+Mail bug reports to @email{bug-autoconf@@gnu.org, the
+Autoconf Bugs mailing list}.  Past bug reports are
+@uref{http://lists.gnu.org/archive/html/bug-autoconf/, archived}.
+
+If possible, first check that your bug is
 not already solved in current development versions, and that it has not
 been reported yet.  Be sure to include all the needed information and a
 short @file{configure.ac} that demonstrates the problem.
 
-Autoconf's development tree is accessible via @acronym{CVS}; see the
+Autoconf's development tree is accessible via anonymous @acronym{CVS}; see the
 @uref{http://savannah.gnu.org/projects/autoconf/, Autoconf
 Summary} for details.  Patches relative to the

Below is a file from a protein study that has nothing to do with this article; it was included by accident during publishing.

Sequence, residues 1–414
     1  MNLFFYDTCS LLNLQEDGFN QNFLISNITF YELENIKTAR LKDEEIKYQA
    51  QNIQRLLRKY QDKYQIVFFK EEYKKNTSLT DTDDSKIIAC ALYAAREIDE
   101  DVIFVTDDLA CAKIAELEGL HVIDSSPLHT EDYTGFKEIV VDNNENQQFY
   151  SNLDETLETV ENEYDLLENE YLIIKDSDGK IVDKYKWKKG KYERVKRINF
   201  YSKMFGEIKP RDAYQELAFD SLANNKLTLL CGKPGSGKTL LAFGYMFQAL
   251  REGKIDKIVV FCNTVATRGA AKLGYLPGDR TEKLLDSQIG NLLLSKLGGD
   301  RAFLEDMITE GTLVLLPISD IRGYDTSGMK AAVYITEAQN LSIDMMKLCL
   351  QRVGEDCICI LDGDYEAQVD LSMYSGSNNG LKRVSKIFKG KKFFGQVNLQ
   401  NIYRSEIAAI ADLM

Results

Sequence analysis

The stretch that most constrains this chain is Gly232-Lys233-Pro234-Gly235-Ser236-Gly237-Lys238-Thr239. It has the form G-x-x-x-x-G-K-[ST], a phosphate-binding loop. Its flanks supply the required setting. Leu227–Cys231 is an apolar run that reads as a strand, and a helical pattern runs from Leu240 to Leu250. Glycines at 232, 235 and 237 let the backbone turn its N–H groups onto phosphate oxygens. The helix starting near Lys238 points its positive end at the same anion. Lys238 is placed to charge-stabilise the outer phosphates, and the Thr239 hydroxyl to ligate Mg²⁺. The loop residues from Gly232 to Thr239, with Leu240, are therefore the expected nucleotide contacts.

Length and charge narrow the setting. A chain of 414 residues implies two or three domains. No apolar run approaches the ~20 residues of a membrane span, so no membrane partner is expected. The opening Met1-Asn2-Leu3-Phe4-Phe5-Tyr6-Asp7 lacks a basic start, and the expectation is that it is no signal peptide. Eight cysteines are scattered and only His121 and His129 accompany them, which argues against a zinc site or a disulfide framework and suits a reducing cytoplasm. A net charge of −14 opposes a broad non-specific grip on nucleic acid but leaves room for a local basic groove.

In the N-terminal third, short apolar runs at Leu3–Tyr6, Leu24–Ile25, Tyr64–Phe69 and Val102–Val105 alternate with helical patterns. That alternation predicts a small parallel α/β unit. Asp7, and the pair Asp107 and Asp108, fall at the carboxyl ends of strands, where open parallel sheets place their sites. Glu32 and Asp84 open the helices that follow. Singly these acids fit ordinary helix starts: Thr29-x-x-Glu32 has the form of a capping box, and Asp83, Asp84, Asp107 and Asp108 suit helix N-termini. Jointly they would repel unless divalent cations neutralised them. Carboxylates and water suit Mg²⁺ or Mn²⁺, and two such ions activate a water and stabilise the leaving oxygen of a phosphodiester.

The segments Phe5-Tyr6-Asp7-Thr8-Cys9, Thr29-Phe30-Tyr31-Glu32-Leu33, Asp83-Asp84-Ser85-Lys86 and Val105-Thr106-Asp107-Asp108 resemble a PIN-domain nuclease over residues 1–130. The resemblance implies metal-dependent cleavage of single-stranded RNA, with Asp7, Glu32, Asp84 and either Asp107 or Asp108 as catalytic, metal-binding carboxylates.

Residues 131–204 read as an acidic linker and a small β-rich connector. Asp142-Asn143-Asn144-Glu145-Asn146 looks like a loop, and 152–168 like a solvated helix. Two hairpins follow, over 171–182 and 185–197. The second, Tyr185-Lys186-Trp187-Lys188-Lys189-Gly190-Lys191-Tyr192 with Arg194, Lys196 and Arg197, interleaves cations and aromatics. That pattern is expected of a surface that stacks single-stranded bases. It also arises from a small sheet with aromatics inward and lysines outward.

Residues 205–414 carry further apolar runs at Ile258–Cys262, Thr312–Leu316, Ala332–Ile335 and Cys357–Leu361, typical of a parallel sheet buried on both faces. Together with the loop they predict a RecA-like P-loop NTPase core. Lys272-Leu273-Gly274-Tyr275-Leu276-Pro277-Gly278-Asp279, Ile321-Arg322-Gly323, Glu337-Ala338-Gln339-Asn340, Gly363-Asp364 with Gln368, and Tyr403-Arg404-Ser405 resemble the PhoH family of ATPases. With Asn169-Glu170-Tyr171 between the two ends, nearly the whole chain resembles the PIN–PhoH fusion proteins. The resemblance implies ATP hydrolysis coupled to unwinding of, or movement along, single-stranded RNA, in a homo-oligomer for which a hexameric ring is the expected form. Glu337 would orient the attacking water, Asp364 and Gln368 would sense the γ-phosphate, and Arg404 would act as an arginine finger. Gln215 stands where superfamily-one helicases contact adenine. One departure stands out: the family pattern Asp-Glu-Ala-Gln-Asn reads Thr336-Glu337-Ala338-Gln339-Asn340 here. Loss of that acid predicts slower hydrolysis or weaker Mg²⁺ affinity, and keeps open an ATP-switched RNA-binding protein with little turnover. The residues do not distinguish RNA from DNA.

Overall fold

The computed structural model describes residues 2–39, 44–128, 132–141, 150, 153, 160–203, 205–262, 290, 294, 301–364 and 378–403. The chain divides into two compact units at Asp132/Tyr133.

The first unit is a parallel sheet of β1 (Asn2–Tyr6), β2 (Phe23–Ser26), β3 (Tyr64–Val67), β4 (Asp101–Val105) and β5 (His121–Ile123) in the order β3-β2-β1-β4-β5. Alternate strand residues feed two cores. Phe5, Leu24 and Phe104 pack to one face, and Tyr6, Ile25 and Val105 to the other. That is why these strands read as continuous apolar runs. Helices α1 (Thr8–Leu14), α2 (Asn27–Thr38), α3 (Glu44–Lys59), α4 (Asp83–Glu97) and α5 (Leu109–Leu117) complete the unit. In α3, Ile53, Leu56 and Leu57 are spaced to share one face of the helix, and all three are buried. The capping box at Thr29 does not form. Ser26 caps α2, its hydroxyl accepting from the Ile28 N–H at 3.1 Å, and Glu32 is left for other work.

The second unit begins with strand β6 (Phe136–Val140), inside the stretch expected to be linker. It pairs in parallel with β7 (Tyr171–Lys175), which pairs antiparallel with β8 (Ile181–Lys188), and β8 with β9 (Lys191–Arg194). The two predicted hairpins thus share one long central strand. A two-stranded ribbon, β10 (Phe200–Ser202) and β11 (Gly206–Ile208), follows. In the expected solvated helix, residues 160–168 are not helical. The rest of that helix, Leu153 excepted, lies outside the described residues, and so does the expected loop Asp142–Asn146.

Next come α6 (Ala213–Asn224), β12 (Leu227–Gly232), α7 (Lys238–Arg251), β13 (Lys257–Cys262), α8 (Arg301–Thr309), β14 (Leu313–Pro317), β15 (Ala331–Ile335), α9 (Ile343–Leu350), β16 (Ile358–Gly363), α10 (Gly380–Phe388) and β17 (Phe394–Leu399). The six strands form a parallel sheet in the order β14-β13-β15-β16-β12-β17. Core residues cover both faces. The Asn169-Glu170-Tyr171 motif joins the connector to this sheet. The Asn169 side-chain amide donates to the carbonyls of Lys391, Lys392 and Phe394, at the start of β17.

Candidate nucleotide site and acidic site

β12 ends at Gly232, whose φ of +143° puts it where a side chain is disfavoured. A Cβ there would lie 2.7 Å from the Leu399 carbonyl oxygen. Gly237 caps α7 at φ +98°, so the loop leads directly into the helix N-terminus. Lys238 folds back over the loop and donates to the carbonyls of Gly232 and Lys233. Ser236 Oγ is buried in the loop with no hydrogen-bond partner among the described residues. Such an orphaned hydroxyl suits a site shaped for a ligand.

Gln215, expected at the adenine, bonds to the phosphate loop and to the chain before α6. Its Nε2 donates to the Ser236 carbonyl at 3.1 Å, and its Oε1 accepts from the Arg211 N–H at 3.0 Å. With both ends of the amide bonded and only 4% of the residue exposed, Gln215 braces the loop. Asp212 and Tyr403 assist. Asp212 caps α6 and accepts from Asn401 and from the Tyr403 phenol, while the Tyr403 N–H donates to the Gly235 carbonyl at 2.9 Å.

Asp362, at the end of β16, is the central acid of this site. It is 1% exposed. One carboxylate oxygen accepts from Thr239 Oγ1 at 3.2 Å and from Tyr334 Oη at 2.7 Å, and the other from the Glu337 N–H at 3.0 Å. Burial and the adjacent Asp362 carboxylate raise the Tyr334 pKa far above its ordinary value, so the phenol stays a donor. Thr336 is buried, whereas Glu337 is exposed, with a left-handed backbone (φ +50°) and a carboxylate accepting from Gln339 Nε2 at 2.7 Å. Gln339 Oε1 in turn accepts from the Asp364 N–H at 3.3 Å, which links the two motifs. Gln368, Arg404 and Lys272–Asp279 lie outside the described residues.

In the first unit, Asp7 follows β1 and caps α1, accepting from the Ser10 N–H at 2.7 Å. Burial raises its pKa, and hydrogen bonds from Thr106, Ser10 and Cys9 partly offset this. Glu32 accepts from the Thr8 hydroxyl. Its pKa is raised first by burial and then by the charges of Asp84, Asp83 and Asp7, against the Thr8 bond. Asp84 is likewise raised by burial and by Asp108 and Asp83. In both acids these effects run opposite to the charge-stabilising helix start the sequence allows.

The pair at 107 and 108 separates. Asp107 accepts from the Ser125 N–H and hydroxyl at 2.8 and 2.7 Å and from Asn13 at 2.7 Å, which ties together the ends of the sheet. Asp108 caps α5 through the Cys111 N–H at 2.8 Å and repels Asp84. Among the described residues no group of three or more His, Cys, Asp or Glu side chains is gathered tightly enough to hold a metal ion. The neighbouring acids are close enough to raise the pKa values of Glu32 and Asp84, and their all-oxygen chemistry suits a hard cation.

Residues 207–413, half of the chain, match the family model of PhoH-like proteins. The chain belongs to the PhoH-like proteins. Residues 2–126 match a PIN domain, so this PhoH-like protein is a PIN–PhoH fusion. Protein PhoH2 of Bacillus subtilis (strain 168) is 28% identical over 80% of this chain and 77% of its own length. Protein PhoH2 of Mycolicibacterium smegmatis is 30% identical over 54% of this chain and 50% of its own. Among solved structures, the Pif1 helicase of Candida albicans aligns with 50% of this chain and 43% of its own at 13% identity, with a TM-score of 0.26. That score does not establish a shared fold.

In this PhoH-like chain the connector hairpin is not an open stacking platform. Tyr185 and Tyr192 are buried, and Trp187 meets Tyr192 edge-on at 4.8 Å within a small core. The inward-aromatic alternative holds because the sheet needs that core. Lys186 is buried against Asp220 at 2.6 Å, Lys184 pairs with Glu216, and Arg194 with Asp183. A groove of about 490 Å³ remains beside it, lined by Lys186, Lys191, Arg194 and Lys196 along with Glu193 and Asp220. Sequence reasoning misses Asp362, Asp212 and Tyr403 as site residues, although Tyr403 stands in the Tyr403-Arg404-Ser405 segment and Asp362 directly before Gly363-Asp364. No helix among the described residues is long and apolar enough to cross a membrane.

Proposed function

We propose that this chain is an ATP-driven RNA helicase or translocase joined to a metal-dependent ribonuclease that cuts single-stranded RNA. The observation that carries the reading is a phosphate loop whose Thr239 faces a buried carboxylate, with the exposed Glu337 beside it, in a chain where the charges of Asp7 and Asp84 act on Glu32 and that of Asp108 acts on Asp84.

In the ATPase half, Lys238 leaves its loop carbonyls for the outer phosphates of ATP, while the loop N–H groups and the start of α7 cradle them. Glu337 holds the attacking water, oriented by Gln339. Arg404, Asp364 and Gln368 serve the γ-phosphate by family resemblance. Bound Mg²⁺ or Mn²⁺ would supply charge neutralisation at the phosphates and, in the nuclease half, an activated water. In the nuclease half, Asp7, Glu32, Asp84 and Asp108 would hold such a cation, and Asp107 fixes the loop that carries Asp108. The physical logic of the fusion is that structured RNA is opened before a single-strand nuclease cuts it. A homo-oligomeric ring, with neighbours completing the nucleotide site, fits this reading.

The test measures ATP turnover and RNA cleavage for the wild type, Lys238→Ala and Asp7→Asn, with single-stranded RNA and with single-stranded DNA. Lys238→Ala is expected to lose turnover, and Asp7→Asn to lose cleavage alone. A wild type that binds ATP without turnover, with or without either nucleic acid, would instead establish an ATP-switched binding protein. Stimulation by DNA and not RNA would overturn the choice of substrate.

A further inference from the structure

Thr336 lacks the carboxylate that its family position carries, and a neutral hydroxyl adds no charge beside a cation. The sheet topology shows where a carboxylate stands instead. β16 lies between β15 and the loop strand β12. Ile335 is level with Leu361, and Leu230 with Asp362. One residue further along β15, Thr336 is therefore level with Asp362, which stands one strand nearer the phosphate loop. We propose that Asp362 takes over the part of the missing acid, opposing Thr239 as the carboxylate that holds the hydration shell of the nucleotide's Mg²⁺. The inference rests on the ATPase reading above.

current @acronym{CVS} version can be sent for review to the
 @email{autoconf-patches@@gnu.org, Autoconf Patches mailing list}.
+Past patches are
+@uref{http://lists.gnu.org/archive/html/autoconf-patches/, archived}.
 
-Archives of @email{bug-autoconf@@gnu.org} can be
-found in @uref{http://lists.gnu.org/archive/html/bug-autoconf/}, and
-similarly for the other mailing lists.
-
-Because of its mission, Autoconf includes only a set of often-used
+Because of its mission, the Autoconf package itself
+includes only a set of often-used
 macros that have already demonstrated their usefulness.  Nevertheless,
 if you wish to share your macros, or find existing ones, see the
 @uref{http://www.gnu.org/software/ac-archive/, @acronym{GNU} Autoconf Macro
@@ -1108,9 +1111,9 @@ argument explicit, or you may simply omi
 three lines below are equivalent:
 
 @example